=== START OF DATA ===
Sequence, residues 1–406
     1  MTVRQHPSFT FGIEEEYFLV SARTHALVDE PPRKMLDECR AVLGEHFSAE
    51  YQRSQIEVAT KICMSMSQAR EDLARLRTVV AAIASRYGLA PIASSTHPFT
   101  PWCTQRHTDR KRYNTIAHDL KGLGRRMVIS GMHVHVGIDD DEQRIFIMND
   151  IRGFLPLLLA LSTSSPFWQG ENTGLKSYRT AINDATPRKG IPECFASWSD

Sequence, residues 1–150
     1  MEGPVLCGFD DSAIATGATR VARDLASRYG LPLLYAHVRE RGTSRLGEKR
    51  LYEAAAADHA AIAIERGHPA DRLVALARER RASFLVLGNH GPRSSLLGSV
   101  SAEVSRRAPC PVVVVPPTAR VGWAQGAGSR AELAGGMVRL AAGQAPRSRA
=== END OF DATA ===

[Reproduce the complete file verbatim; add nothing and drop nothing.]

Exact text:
Sequence, residues 1–406
     1  MTVRQHPSFT FGIEEEYFLV SARTHALVDE PPRKMLDECR AVLGEHFSAE
    51  YQRSQIEVAT KICMSMSQAR EDLARLRTVV AAIASRYGLA PIASSTHPFT
   101  PWCTQRHTDR KRYNTIAHDL KGLGRRMVIS GMHVHVGIDD DEQRIFIMND
   151  IRGFLPLLLA LSTSSPFWQG ENTGLKSYRT AINDATPRKG IPECFASWSD

Sequence, residues 1–150
     1  MEGPVLCGFD DSAIATGATR VARDLASRYG LPLLYAHVRE RGTSRLGEKR
    51  LYEAAAADHA AIAIERGHPA DRLVALARER RASFLVLGNH GPRSSLLGSV
   101  SAEVSRRAPC PVVVVPPTAR VGWAQGAGSR AELAGGMVRL AAGQAPRSRA